Quiet your inner food police
Recognize and silence your inner critic.
An example of your inner food police: if you're scanning a restaurant menu and you catch yourself saying "That’s not healthy. That’s too many servings. That’s too high fat, " that voice is not yours, although it feels like it. It's only fueled by external messaging.
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Intuitive eating is a way to make sure your needs are being met.
What separates intuitive eating from traditional diets is that it’s 100 percent flexible—it can (and will) look different for everyone.
Among the principles of intuitive eating, there are 2 related to honoring hunger and respecting fullness. But you don't have to obsess over them.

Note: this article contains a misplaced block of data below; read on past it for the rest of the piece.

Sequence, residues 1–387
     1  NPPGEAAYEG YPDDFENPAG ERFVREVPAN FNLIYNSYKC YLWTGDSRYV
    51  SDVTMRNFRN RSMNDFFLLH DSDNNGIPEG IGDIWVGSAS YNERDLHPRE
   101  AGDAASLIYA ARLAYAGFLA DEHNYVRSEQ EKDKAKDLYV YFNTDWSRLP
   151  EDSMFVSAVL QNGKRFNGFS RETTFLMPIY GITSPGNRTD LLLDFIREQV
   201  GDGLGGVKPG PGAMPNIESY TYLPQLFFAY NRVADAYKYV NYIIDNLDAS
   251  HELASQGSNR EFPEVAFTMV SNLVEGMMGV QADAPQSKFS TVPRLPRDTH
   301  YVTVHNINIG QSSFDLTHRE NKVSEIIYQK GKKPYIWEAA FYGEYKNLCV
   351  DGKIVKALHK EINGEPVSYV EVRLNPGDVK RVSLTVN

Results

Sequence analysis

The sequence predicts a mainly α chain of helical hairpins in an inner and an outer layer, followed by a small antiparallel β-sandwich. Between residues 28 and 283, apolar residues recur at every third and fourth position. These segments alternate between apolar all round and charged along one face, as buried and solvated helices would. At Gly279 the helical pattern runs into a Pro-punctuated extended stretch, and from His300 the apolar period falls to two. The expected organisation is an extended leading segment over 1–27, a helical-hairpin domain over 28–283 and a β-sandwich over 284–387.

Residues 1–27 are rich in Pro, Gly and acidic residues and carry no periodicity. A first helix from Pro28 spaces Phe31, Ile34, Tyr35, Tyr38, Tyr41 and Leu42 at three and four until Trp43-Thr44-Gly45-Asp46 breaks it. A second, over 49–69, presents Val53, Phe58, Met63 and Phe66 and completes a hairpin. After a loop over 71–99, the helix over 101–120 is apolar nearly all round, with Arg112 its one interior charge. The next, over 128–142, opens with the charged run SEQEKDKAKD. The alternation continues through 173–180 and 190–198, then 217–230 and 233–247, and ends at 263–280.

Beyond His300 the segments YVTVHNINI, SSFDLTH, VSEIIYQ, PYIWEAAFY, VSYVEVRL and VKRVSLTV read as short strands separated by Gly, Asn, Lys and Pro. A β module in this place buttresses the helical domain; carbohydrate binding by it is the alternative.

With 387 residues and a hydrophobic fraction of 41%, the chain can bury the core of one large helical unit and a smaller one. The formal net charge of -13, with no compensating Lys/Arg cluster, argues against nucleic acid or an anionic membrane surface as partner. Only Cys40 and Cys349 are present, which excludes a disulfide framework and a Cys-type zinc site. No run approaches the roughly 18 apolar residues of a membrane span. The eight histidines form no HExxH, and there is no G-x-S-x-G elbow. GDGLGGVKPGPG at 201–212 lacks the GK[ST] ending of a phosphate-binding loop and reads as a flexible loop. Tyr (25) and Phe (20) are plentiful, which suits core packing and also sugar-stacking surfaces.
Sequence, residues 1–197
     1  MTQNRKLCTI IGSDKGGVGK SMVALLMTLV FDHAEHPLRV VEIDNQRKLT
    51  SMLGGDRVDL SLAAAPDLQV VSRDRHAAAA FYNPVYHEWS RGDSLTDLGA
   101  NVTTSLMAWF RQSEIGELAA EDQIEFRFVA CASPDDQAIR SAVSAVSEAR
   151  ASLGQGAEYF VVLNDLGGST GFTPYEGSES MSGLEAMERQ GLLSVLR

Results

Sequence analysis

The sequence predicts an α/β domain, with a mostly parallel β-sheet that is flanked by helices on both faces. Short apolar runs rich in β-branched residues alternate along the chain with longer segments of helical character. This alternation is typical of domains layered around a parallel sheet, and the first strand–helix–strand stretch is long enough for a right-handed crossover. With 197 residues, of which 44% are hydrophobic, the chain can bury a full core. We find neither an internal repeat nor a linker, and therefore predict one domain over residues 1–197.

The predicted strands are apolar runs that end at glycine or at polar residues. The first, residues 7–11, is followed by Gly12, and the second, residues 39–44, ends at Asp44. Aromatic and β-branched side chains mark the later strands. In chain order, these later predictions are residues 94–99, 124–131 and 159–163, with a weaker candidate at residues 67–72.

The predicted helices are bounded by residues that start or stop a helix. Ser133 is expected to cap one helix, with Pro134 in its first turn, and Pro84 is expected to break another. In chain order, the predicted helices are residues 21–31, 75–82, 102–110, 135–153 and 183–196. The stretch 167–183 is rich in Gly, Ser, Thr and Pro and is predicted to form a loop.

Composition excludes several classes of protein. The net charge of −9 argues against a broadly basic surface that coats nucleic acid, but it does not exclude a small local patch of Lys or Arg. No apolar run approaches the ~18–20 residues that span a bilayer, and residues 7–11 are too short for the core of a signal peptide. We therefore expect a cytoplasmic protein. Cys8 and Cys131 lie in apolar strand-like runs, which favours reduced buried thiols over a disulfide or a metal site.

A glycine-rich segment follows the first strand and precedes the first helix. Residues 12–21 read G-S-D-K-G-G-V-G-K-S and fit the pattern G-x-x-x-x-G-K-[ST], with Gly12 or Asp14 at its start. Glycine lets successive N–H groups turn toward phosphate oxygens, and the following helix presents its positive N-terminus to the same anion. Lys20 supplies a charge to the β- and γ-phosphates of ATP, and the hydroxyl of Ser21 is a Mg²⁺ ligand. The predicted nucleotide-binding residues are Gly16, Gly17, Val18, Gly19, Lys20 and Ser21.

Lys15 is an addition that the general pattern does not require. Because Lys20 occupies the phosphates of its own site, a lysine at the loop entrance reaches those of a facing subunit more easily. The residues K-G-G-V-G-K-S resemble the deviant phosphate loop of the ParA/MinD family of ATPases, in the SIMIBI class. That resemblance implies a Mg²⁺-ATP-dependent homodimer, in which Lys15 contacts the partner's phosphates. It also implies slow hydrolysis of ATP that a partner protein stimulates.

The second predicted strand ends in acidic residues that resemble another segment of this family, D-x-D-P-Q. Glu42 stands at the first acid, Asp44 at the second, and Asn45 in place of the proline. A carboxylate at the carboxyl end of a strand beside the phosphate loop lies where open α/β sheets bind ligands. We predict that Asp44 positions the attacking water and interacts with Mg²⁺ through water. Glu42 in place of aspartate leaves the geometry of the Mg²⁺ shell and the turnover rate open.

For example, you might have to eat lunch before you’re hungry because of a midday meeting, or you might not be able to eat what you really want because it isn’t available.
Food isn’t good or bad. Don't fall for this 'black or white' way of thinking.
Health and nutrition exist on a gradient. Keeping your health in mind when making food choices is totally in line with intuitive eating, but being rigid about healthy eating isn’t.
This is not a diet. Intuitive eating is an approach to health and food that emphasizes learning to give your body what it needs.
It doesn't involve rules related to how or what to eat, but it's based on a few principles.
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